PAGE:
The photo above shows the Wellersburg inclined plane in action, circa 1920. The image is from the February 5, 1921 issue of the "Black Diamond", and was provided to Korns.org by Mike McKenzie.
The fragment of a 1939 USDA photo, below, shows where the inclined plane / tram road was located on the north side of Wellersburg. The site can still be seen as a gash in the mountain today, as one drives up Route 160. One local resident, Mike McKenzie (who found this photo for Korns.org) says that he has always heard it called the "tram road". My Uncle Melvin, who lives on a farm nearby and was born in the 1920's, calls it the "inclined plane". Note the coal tipple that is located at the bottom (left hand end) of the inclined plane / tram road (a closeup photo of the tipple is included below the first picture). In 2009 Melvin told me that the weight of the full cars coming down hauled the empty cars up the inclined plane.
As far as I have been able to determine, the Wellersburg inclined plane was first proposed on page 23 of the 1841 report of Walter Rogers Johnson that was titled "Report of a survey and exploration of the coal and ore lands belonging to the Allegheny Coal Company: in Somerset County, Pennsylvania; accompanied by maps, profiles and sections". Click here to see a 3765KB PDF copy of the 1841 report (For ease of viewing, you may want to download the report to your computer. It may take awhile to download). In Walter Rodgers' report, it was called an "inclined plane". For a modern aerial view of the location where the inclined plane crosses the main highway, click here. For a 2010 ground level view of the site of the former inclined plane, click here.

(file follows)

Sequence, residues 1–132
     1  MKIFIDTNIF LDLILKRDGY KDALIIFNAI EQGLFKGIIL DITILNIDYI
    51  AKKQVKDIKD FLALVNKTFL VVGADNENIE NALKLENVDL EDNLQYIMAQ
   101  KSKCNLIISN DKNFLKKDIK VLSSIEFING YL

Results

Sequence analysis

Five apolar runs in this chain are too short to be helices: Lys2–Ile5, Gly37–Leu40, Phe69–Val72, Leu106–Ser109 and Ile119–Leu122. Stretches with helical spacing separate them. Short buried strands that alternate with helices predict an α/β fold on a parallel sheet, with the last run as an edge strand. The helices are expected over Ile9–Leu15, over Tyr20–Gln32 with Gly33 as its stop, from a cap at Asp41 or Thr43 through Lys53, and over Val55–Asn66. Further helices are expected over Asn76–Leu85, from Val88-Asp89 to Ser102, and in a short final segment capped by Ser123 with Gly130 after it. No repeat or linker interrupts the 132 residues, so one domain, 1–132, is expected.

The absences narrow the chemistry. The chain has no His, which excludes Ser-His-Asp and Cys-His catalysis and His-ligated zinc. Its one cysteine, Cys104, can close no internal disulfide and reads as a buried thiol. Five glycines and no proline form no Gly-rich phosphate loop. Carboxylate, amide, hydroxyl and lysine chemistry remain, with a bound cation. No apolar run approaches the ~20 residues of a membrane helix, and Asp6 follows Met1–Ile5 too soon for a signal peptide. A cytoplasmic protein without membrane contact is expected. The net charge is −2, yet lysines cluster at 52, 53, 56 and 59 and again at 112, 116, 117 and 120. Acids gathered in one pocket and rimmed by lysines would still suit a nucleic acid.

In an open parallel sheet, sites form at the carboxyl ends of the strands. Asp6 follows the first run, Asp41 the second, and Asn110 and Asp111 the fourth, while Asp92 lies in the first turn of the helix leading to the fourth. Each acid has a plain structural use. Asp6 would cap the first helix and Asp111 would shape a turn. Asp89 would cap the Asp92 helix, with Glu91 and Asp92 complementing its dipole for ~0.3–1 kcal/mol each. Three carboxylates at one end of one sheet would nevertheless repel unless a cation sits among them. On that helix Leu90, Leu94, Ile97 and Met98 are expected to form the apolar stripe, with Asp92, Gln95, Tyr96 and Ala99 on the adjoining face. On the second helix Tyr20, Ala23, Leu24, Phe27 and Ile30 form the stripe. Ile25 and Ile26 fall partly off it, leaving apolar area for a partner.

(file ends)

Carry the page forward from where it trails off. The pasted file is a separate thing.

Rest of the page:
When Mike McKenzie interviewed Mr. J. Witt in 2009, Mr. Witt indicated that the wheel from the wheel house that sat atop the inclined plane at Route 160 was taken away by a Troutman individual, and the son of that Troutman has it now in Franklin, West Virginia.
When I discussed the inclined plane with my uncle M. Korns again in 2009, he told me that the weight of the loaded cars coming down was used to haul the empty cars up the inclined plane. Mike McKenzie reports that his aunt Ester was married to Frank Bucy (second marraige). Frank worked in some mines close to and at the tipple. Ester told Mike that Frank had mentioned to her that they used to wait for the cable, to jerk and that way they knew the loaded cars were coming down, then they would jump in the empty cars and ride them up, and she said he had mentioned a "wheel house" at the top of the incline.
The photo below is reproduced from volume one of the 2005 book "A Look At Southampton Township Pennsylvania The Way It Used To Be!", with permission of the author. It shows the coal tipple at the bottom of the Wellersburg tram road / inclined plane. The date of the photo is unknown.
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